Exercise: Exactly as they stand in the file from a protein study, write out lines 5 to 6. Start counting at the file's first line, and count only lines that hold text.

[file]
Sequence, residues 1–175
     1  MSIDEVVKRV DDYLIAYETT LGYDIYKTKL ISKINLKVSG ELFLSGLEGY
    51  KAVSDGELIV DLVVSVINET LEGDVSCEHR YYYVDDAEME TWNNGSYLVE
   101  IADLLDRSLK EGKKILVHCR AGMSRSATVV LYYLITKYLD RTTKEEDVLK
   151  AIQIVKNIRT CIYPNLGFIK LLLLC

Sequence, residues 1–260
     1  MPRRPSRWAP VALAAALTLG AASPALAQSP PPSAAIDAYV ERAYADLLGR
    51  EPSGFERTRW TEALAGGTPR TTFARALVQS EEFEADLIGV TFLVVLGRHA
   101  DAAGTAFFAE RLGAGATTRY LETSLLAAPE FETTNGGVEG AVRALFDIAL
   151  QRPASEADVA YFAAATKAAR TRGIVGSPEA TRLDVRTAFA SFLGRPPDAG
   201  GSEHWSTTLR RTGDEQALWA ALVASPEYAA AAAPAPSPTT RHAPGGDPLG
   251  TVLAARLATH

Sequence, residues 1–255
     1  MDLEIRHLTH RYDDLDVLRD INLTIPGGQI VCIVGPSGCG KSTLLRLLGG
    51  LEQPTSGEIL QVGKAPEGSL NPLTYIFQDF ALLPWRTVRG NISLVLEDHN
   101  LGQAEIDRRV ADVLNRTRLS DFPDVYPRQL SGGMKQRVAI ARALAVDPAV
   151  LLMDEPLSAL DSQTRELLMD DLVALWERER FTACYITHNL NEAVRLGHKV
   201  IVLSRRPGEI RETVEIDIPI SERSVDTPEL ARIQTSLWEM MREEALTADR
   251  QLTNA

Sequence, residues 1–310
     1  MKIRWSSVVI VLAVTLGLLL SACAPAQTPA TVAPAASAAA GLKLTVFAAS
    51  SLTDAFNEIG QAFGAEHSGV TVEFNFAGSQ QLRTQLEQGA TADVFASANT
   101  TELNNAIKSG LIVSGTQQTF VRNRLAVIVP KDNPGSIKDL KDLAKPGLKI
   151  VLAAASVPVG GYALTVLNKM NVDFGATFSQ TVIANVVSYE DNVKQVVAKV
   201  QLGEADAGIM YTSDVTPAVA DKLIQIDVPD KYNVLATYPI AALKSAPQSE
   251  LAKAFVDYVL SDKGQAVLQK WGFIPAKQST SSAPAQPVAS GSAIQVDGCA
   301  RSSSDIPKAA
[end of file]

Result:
   151  AIQIVKNIRT CIYPNLGFIK LLLLC

Sequence, residues 1–260